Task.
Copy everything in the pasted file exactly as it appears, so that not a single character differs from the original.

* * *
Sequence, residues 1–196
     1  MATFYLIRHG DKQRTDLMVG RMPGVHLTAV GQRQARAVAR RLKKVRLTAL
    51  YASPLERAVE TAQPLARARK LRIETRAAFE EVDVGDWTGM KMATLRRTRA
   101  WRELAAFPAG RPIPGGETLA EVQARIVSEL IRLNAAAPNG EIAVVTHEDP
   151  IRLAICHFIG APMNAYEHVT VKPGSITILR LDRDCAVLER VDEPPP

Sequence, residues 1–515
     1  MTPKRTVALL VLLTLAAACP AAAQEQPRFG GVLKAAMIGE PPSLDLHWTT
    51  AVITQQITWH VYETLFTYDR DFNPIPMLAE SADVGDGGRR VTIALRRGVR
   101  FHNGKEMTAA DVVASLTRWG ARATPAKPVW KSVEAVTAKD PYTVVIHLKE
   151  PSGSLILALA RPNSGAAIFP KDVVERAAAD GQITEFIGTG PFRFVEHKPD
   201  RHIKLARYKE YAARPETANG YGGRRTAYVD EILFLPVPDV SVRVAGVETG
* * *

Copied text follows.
Sequence, residues 1–196
     1  MATFYLIRHG DKQRTDLMVG RMPGVHLTAV GQRQARAVAR RLKKVRLTAL
    51  YASPLERAVE TAQPLARARK LRIETRAAFE EVDVGDWTGM KMATLRRTRA
   101  WRELAAFPAG RPIPGGETLA EVQARIVSEL IRLNAAAPNG EIAVVTHEDP
   151  IRLAICHFIG APMNAYEHVT VKPGSITILR LDRDCAVLER VDEPPP

Sequence, residues 1–515
     1  MTPKRTVALL VLLTLAAACP AAAQEQPRFG GVLKAAMIGE PPSLDLHWTT
    51  AVITQQITWH VYETLFTYDR DFNPIPMLAE SADVGDGGRR VTIALRRGVR
   101  FHNGKEMTAA DVVASLTRWG ARATPAKPVW KSVEAVTAKD PYTVVIHLKE
   151  PSGSLILALA RPNSGAAIFP KDVVERAAAD GQITEFIGTG PFRFVEHKPD
   201  RHIKLARYKE YAARPETANG YGGRRTAYVD EILFLPVPDV SVRVAGVETG